She’s a pretender, too: at a coffee shop, she’s at a loss with the menu, an “alien document”, not having studied it as she has the one at Zest, in order “to advise customers on what mix of drinks, appetisers and entrées to order.” To reach her place of work, she must go each day from “North Campus” to the “Central Secretariat”, her “journey across these layers of history” involving “two hours of travelling, 30 rupees in fares, and three modes of transportation”. Esther lives in a flat in a suburb with her sisters Mary and Renu; the latter grows plants, “aloe vera, spinach, and what Renu calls ‘Naga coriander'”, thereby investing Delhi with a “touch of Manipur”.

The paragraph quoted is a poignant piece on a north-eastern waitress, propping herself up at fancy diner in Delhi’s land of the rich and famous. Indeed, it is difficult to answer any of the questions Deb has raised; like other scholars/writers/journalists before him (Arundhati Roy, Thomas Friedman) who’ve written extensively on globalisation and its constituents, the author would prefer to remain an interested third-party, only objectively viewing the ‘circus’ as it were, but is drawn in further, with the passing of the narrative, having as most do, a shared portion in this churning of history, that he has chosen to archive.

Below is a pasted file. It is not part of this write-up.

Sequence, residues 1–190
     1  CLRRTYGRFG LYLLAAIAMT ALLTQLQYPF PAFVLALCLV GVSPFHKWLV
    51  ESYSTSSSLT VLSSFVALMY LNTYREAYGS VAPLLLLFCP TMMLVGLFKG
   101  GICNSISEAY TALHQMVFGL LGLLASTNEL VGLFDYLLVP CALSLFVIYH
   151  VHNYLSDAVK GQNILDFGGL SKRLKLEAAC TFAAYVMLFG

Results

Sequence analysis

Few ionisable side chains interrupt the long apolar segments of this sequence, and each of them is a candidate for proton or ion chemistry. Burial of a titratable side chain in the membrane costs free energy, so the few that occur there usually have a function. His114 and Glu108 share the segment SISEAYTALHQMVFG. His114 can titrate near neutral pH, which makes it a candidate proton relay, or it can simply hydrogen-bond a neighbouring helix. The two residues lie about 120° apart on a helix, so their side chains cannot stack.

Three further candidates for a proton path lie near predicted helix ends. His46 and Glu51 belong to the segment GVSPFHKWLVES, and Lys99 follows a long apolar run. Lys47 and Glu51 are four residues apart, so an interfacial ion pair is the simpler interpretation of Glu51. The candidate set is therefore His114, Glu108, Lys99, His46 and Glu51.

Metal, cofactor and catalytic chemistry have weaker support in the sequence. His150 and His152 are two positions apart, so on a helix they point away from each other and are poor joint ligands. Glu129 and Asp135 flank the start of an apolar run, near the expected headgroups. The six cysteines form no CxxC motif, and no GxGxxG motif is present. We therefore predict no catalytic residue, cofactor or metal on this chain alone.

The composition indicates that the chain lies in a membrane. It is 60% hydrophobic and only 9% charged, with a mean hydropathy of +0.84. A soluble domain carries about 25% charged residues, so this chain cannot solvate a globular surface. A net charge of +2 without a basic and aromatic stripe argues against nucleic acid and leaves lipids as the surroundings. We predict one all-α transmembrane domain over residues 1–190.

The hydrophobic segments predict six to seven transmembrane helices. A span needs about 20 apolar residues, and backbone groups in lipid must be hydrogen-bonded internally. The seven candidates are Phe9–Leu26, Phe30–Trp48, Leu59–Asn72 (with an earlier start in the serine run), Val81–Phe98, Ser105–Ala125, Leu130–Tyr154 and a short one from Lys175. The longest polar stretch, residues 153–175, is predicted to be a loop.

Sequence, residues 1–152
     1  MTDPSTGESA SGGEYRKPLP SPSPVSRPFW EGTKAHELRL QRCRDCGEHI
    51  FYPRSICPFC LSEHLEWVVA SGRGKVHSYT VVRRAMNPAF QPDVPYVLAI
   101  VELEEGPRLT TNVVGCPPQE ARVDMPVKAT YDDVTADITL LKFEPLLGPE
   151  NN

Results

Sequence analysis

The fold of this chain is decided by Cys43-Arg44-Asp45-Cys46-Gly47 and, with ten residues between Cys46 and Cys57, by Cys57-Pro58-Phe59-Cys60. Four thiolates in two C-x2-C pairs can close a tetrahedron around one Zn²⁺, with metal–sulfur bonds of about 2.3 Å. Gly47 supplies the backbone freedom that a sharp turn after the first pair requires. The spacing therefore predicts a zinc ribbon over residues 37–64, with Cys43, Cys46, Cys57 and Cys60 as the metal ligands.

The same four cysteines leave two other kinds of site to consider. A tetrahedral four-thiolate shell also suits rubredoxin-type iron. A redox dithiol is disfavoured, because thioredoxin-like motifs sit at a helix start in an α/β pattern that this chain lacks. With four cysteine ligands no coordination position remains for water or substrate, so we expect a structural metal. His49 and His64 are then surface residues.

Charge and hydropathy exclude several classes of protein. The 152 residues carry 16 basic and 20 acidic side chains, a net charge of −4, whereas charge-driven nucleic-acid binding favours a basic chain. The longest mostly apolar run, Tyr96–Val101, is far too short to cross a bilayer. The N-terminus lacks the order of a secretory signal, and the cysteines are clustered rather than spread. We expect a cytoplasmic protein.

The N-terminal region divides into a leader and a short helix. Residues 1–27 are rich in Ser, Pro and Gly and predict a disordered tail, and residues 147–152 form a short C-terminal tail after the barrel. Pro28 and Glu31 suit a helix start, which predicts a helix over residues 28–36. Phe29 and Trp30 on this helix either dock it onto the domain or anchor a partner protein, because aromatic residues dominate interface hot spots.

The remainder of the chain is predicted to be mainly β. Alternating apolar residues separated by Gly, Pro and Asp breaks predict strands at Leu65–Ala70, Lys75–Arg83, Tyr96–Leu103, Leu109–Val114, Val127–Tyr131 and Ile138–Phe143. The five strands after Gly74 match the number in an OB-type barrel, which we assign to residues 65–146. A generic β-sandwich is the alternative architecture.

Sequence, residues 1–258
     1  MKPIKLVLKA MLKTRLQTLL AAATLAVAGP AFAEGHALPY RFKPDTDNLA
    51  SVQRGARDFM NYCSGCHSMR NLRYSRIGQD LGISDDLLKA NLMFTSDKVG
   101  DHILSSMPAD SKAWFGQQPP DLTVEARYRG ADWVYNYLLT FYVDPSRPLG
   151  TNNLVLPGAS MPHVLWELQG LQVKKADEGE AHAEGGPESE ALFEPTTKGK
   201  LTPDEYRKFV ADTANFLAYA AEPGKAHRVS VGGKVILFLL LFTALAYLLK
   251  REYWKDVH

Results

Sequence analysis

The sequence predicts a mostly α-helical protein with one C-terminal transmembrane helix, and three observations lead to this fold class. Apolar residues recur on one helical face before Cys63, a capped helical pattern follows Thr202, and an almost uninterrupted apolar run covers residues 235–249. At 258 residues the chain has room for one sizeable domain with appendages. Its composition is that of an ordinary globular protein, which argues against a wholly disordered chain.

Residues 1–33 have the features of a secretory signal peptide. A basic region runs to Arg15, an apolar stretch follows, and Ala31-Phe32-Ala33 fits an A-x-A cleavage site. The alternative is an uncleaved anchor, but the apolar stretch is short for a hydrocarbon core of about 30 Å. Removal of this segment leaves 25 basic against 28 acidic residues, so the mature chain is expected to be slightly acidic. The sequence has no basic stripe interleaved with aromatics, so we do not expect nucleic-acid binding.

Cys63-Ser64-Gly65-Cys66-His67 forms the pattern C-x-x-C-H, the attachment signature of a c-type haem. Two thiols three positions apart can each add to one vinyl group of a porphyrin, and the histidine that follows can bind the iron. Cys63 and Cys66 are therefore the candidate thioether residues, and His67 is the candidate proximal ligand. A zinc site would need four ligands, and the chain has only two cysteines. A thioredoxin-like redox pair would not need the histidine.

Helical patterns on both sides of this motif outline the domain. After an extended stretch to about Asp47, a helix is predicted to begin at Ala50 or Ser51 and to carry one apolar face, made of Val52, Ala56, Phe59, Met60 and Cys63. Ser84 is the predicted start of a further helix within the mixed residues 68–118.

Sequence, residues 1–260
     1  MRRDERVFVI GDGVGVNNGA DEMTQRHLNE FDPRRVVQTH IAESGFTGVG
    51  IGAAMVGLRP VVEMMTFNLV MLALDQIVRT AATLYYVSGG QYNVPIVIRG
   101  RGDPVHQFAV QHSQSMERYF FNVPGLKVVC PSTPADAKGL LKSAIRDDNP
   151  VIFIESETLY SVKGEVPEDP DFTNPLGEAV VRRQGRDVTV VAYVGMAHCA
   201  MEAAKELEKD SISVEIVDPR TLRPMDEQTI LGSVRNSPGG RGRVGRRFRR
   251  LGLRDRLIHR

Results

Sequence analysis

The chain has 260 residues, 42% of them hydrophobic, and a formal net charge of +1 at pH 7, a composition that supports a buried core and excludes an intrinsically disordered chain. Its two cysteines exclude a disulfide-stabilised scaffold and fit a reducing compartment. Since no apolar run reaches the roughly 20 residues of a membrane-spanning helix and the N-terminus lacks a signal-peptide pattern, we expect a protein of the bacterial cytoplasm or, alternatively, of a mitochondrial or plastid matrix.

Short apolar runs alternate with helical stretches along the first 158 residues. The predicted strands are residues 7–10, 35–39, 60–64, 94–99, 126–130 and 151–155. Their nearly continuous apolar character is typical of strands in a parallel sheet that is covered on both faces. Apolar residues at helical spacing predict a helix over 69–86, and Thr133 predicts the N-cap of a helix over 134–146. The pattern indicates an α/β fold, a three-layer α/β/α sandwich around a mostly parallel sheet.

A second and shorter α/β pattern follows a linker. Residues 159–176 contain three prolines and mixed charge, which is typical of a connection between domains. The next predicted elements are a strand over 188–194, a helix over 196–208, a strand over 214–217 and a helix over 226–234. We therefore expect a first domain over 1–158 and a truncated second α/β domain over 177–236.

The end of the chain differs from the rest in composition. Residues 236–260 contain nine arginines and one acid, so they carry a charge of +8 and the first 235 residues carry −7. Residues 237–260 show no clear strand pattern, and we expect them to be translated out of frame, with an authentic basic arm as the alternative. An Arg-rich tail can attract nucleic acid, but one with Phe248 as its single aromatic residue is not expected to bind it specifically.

It is impossible to completely encapsulate a theory for globalisation and the place and purpose of Asian countries like India, in this tectonic shift; in a country where Bollywood and cricket dictate the mood of the masses, where faux hunger-strikes and makeshift mahatmas are born every day, only to hot-wheel off in the latest limo, once the dharna (or woodstockian fantasy) is over, where India inc pushes the bull ever harder, while farmers and agrarian economies are yet to find a firm footing, where beneath the spires of concrete and steel, information technology and intelligence analysis, older, rotting, messier alternate realities continue to prosper, sometimes, even happily, indeed, no answer is forthcoming; as is no permanent, absolute opinion or dissertation, where we are and where we really headed; Much like V S Naipaul’s ‘India: A Million Mutinies Now’ paraphrased an era a decade ago, in a tone that was subjective, emotional, oddly hopeful and melancholic at the same time, it is difficult for an author to stand and comment on the making of one set of dreams, on the anvil of another – just as it is for this, commentator.